To be a man after rediscovering a million years was mysteriously like being something still other than man, a strange, unfinished possibility that could also be all kinds of other things. It was not in the dictionary, it was fluid and boundless - it had become a man through habit, but in truth, it was formidably virgin, as if all the old laws belonged to laggard barbarians. Then other moons began whirring through the skies to the cry of macaws at sunset, another rhythm was born that was strangely in tune with the rhythm of all, making one single flow of the world, and there we went, lightly, as if the body had never had any weight other than that of our human thought; and the stars were so near, even the giant airplanes roaring overhead seemed vain artifices beneath smiling galaxies. A man was the overwhelming Possible. He was even the great discoverer of the Possible.

0.03 - Letters to My little smile, #Some Answers From The Mother, #The Mother, #Integral Yoga
  Not naughty, poor little one, only a little sad, and that distresses
  me, for I would like to see you always full of light and joy.

0.05 - Letters to a Child, #Some Answers From The Mother, #The Mother, #Integral Yoga
  Do not distress yourself, it is the result of these last few days of
  sickness. It will pass — but you must eat well regularly and sleep

0.07 - Letters to a Sadhak, #Some Answers From The Mother, #The Mother, #Integral Yoga
  with me. It is the same old thing, but nonetheless distressing. It is civil war, a conflict between two different
  tendencies and ideals, a pull from two different types

01.01 - Sri Aurobindo - The Age of Sri Aurobindo, #Collected Works of Nolini Kanta Gupta - Vol 02, #Nolini Kanta Gupta, #Integral Yoga
   Apart from the well-recognised fact that only in distress does the normal man think of God and non-worldly things, the real matter, however, is that the inner life is a thing apart and follows its own line of movement, does not depend upon, is not subservient to, the kind of outer life that one may happen to live under. The Bible says indeed, "Blessed are the poor, blessed are they that mourn"... But the Upanishad declares, on the other hand, that even as one lies happily on a royal couch, bathes and anoints himself with all the perfumes of the world, has attendants all around and always to serve him, even so, one can be full of the divine consciousness from the crown of the head to the tip of his toe-nail. In fact, a poor or a prosperous life is in no direct or even indirect ratio to a spiritual life. All the miseries and immediate needs of a physical life do not and cannot detain or delay one from following the path of the ideal; nor can all your riches be a burden to your soul and overwhelm it, if it chooses to walk onit can not only walk, but soar and fly with all that knapsack on its back.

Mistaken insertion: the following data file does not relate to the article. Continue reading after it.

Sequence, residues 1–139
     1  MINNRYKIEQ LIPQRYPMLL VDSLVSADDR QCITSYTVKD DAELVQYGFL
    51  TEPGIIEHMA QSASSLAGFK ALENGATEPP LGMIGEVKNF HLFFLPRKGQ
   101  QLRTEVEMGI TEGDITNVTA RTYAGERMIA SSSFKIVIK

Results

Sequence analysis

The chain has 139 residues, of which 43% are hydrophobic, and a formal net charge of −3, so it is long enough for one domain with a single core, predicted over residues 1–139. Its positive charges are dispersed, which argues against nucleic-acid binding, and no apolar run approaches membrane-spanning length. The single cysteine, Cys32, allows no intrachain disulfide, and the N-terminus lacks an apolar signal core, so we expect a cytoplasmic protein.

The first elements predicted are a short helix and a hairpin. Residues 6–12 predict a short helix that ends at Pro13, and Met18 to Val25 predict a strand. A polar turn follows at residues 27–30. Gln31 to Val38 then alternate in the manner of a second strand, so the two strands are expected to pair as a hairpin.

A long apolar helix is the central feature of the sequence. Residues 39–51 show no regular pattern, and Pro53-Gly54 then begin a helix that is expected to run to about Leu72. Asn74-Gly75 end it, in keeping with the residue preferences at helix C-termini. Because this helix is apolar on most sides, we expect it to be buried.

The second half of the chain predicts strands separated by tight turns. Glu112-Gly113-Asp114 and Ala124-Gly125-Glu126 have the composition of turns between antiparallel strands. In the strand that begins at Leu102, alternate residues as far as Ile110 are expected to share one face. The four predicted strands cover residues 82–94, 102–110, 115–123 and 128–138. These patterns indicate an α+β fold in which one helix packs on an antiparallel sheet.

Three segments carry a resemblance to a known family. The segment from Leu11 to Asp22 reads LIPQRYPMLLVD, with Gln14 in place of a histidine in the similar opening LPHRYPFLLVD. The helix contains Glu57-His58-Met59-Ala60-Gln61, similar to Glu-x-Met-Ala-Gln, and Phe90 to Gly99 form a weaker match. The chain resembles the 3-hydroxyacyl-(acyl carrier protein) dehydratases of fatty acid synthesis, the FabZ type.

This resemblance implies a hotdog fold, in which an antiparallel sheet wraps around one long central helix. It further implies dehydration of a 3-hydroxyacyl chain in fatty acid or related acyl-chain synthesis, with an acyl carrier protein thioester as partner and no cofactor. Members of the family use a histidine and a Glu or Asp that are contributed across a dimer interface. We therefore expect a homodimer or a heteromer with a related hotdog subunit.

If one were to be busy about reforming the world and when that was done then alone to turn to other-worldly things, in that case, one would never take the turn, for the world will never be reformed totally or even considerably in that way. It is not that reformers have for the first time appeared on the earth in the present age. Men have attempted social, political, economic and moral reforms from times immemorial. But that has not barred the spiritual attempt or minimised its importance. To say that because an ideal is apparently too high or too great for the present age, it must be kept in cold storage is to set a premium on the present nature of humanity arid eternise it: that would bind the world to its old moorings and never give it the opportunity to be free and go out into the high seas of larger and greater realisations.

01.06 - Vivekananda, #Collected Works of Nolini Kanta Gupta - Vol 02, #Nolini Kanta Gupta, #Integral Yoga
   These are luminous life-giving mantras and the world and humanity of today, sore distressed and utterly confounded, have great need of them to live them by and be saved.
   ***

01.10 - Nicholas Berdyaev: God Made Human, #Collected Works of Nolini Kanta Gupta - Vol 02, #Nolini Kanta Gupta, #Integral Yoga
   There is another aspect of personality as viewed by Berdyaev which involves a bias of the more orthodox Christian faith: the Christ is inseparable from the Cross. So he says: "There is no such thing as personality if there is no capacity for suffering. Suffering is inherent in God too, if he is a personality, and not merely an abstract idea. God shares in the sufferings of men. He yearns for responsive love. There are divine as well as human passions and therefore divine or creative personality must always suffer to the end of time. A condition of anguish and distress is inherent in it." The view is logically enforced upon the Christian, it is said, if he is to accept incarnation, God becoming flesh. Flesh cannot but be weak. This very weakness, so human, is and must be specially characteristic of God also, if he is one with man and his lover and saviour.
   Eastern spirituality does not view sorrow and sufferingevilas an integral part of the Divine Consciousness. It is born out of the Divine, no doubt, as nothing can be outside the Divine, but it is a local and temporal formation; it is a disposition consequent upon certain conditions and with the absence or elimination of those conditions, this disposition too disappears. God and the Divine Consciousness can only be purity, light, immortality and delight. The compassion that a Buddha feels for the suffering humanity is not at all a feeling of suffering; pain or any such normal human reaction does not enter into its composition; it is the movement of a transcendent consciousness which is beyond and purified of the normal reactions, yet overarching them and entering into them as a soothing and illumining and vivifying presence. The healer knows and understands the pain and suffering of his patient but is not touched by them; he need not contract the illness of his patient in order to be in sympathy with him. The Divine the Soulcan be in flesh and yet not smirched with its mire; the flesh is not essentially or irrevocably the ooze it is under certain given conditions. The divine physical body is composed of radiant matter and one can speak of it even as of the soul that weapons cannot pierce it nor can fire burn it.